Maximum height of a toy rocket?

  • #1
maximum height of a toy rocket??

Homework Statement


A toy rocket is launched vertically from ground level(y=0) at time t=0s. The rocket engine provides constant upward acceleration during the burn phase. At the instant of engine burnout, the rocket has risen to 49 m and aquired a velocity of 60m/s. The rocket continues to rise in unpowered flight, reaches maximum height, and falls back to the ground. The maximum height reached by the rocket is closest to
A. 244m
B. 256m-wrong
C. 221m
D. 233m
E. 209m


Homework Equations



y=vy*t+1/2g*(t^2)

The Attempt at a Solution


0= 60m/s*t+4.9m/s^2(t^2)
yaya not sure what i just did.
 

Answers and Replies

  • #2
PhanthomJay
Science Advisor
Homework Helper
Gold Member
7,171
509


Try another of the kinematic eqautions, knowing that when the rocket reaches the top of its flight, its motion comes to a temporary stop.
 
  • #3


would it be something like vf^2=v0^2+2g(change in)y ??
 
  • #4
I like Serena
Homework Helper
6,579
176


would it be something like vf^2=v0^2+2g(change in)y ??

Close! :smile:
Actually vf^2=v0^2-2g(change in)y
since the acceleration is -g.
 
  • #5


okay but now i forgot what i need to plug in where. i know vf is 60 and i know g but am i looking for y or v0?
 
  • #6
87
0


I would solve it by finding how high the rocket went with the constant acceleration and then the velocity at the time that the acceleration stops. Then I would put the final velocity as the initial velocity for the second equation of displacement formula. Take the derivative of that and solve for time when the velocity is zero (at its highest point). Then I would think about what left I have to do to solve for the total displacement traveled at its highest point.
 
  • #7


okay you just lost me. too much at once.
 
  • #8
I like Serena
Homework Helper
6,579
176


okay but now i forgot what i need to plug in where. i know vf is 60 and i know g but am i looking for y or v0?

You need to split the trajectory into separate parts.
First part is when the engine is burning.
The problem states it gets up to a height of 49 meters, and at that point it has a velocity of 60 m/s.

Then you get the second part of the trajectory where you need to use the formula.
At that time the "initial velocity" is 60, and the trajectory continues until the rocket is at its highest point.
What is the "change in y" for this second part of the trajectory?
 
  • #11
87
0


The answer I got was closest to D. 233m. That is correct in your textbook?
 
  • #12


umm i did 60^2 + (9.8*2)
 
  • #13


The answer I got was closest to D. 233m. That is correct in your textbook?

this text book doesnt have answers. how did you get that??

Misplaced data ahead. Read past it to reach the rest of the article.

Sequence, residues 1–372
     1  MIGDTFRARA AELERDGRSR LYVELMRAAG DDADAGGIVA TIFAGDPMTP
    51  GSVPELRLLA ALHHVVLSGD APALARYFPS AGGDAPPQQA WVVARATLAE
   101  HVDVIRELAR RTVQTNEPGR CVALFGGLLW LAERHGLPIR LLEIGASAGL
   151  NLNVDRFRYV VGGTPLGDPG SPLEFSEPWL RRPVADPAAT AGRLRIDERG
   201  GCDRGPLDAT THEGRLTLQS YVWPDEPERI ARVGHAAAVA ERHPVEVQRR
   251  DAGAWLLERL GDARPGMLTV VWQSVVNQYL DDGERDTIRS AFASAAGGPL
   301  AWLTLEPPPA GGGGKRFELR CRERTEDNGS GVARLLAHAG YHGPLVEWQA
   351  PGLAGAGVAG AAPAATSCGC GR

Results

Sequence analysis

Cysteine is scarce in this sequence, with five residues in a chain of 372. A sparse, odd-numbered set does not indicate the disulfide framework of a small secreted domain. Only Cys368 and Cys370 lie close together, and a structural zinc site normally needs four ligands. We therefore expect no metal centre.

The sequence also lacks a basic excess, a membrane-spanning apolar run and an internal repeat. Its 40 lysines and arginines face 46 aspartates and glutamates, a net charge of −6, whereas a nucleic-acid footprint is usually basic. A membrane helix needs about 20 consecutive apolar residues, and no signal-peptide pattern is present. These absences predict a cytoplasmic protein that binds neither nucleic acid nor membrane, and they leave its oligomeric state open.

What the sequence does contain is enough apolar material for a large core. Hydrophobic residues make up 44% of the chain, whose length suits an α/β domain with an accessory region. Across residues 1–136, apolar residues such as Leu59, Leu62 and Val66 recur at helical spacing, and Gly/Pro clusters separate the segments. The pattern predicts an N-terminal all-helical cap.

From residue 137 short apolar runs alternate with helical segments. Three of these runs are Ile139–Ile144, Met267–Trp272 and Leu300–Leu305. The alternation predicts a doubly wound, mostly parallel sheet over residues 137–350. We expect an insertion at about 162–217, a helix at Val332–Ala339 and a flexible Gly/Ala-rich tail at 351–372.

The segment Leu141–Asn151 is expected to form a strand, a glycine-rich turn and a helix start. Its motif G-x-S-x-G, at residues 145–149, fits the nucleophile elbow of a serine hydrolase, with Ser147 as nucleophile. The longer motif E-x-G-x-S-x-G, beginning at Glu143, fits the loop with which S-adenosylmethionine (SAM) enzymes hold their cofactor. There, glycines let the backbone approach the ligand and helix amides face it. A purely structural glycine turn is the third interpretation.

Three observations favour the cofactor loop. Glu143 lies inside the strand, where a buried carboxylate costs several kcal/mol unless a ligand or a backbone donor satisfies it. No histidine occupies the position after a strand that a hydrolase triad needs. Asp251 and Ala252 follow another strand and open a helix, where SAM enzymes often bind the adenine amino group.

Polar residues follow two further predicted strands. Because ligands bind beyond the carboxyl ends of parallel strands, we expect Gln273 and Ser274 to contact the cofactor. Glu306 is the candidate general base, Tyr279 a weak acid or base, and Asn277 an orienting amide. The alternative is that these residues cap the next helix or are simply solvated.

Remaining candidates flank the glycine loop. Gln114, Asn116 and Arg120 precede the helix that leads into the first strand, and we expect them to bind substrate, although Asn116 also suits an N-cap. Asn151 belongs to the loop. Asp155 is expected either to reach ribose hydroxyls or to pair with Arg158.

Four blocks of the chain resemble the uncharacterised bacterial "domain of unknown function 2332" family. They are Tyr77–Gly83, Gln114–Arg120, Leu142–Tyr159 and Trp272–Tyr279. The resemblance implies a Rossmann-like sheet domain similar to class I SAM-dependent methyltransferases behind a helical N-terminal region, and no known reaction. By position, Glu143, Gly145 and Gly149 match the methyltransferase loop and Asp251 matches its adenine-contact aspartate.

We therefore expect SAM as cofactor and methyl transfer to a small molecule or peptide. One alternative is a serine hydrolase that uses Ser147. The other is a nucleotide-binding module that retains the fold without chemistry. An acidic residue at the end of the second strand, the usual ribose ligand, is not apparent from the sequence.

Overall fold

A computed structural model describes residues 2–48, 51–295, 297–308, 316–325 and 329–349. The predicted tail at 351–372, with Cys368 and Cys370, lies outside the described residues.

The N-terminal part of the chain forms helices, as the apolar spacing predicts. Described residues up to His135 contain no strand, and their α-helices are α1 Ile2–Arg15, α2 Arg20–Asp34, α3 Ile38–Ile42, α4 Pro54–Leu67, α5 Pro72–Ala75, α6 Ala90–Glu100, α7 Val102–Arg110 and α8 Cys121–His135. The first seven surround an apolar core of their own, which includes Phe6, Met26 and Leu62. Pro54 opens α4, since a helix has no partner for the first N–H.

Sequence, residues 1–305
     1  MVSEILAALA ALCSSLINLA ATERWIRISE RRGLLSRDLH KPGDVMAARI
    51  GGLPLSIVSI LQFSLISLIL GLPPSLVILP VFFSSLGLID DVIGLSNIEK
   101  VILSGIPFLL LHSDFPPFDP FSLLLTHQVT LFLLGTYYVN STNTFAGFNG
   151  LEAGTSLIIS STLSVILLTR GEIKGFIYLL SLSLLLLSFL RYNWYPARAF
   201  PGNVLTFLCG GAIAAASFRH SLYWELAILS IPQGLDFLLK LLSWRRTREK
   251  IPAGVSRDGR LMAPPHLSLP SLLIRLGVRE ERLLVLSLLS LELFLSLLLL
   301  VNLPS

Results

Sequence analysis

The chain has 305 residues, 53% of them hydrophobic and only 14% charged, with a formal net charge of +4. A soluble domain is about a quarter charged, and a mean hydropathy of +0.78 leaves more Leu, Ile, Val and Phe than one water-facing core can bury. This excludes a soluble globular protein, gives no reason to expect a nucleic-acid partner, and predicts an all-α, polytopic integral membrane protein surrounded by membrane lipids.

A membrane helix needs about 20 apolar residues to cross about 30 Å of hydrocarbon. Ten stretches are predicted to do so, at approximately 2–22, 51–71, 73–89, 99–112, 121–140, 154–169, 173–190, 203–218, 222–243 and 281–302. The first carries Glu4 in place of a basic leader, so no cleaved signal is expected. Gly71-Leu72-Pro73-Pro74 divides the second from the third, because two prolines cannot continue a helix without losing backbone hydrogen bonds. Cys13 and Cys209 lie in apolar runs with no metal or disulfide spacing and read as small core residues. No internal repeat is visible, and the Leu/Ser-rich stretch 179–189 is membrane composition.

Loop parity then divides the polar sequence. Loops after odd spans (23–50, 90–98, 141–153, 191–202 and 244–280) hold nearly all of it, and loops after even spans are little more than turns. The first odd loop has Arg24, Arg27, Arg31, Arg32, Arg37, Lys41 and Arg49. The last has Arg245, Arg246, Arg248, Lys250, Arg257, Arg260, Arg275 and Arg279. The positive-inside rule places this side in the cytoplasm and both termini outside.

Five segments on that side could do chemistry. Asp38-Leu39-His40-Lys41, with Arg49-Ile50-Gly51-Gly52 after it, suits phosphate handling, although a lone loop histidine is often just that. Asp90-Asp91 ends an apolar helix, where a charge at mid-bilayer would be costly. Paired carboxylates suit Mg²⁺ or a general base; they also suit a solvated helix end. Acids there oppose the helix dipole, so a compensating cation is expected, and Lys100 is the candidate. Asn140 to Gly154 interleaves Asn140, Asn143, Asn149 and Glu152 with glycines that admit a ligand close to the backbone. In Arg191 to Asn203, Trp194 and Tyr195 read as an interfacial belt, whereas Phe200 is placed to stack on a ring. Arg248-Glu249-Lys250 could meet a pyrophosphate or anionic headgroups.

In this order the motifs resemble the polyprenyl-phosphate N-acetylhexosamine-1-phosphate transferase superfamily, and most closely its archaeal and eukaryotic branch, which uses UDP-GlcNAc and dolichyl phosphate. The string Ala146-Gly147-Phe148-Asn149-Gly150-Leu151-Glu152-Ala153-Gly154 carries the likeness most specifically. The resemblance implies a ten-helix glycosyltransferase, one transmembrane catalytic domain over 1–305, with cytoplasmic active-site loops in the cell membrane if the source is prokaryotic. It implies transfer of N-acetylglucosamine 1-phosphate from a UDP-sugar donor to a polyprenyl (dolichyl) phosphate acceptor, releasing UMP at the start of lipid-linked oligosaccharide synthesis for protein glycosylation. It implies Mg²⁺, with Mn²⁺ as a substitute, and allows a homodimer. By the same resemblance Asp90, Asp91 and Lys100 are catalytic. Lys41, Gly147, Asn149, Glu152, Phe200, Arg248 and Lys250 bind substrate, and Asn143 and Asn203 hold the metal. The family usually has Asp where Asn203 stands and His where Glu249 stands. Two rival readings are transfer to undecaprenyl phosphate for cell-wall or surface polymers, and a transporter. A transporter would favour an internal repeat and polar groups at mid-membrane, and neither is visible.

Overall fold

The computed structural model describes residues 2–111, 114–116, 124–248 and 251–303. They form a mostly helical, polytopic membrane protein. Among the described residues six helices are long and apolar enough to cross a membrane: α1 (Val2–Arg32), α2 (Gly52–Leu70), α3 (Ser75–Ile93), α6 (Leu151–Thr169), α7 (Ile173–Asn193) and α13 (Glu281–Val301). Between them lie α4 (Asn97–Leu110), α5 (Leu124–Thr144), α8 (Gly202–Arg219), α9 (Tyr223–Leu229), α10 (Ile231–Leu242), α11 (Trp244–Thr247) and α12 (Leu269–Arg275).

• #14
87
0


I am not sure if I can show the step-by-step mathematics here to give you the answer. It involves basic calculus and rearranging the formulas of the the position function. A major hint is this equation:

Let up be positive:

x(t) = -1/2gt^2 + 60t, where g = 9.8 m/s/s
 
  • #15
I like Serena
Homework Helper
6,579
176


umm i did 60^2 + (9.8*2)

I'm afraid that is not right.

Your formula is:
[tex]v_f^2=v_0^2-2g\Delta y[/tex]
To find (change in)y, you'd have:
[tex]\Delta y = {v_0^2 - v_f^2 \over 2g}[/tex]
 
  • #16


yeah i figured it wasn't. i followed the formula you just game me and i came up with change in y= 2.5m is this right?
 
  • #17
87
0


yeah i figured it wasn't. i followed the formula you just game me and i came up with change in y= 2.5m is this right?

What person are you talking to? :tongue:
 
  • #18


What person are you talking to? :tongue:

i was talking to i like serena, his equation was easier to figure out than yours was.
 
  • #19
I like Serena
Homework Helper
6,579
176


yeah i figured it wasn't. i followed the formula you just game me and i came up with change in y= 2.5m is this right?

Noooooooo. :wink:

Try:
[tex]\Delta y = {v_0^2 - v_f^2 \over 2g} = {60^2 - 0^2 \over 2 \cdot 9.8}[/tex]
 
  • #20
87
0


My equation is the position traveled when gravity takes over. It is simplified to x(t) = -4.9t^2 + 60t
 
  • #21


Noooooooo. :wink:

Try:
[tex]\Delta y = {v_0^2 - v_f^2 \over 2g} = {60^2 - 0^2 \over 2 \cdot 9.8}[/tex]

haha i think i forgot to sqaure 60. now i got 183.67
 
  • #22
87
0


haha i think i forgot to sqaure 60. now i got 183.67

Great! Now combine it to the first amount of distance traveled to get the highest point.
 
  • #23
I like Serena
Homework Helper
6,579
176


haha i think i forgot to sqaure 60. now i got 183.67

Good! :smile:

Now add the height that was achieved in the first part of the trajectory?
 
  • #24


232.67!!! thats close to 233. yay we did it!
 

Related Threads on Maximum height of a toy rocket?

  • Last Post
Replies
4
Views
2K
  • Last Post
Replies
10
Views
2K
Replies
1
Views
3K
Replies
15
Views
1K
Replies
1
Views
2K
Replies
2
Views
13K
Replies
3
Views
6K
  • Last Post
Replies
1
Views
2K
  • Last Post
Replies
7
Views
4K
  • Last Post
Replies
4
Views
6K
Top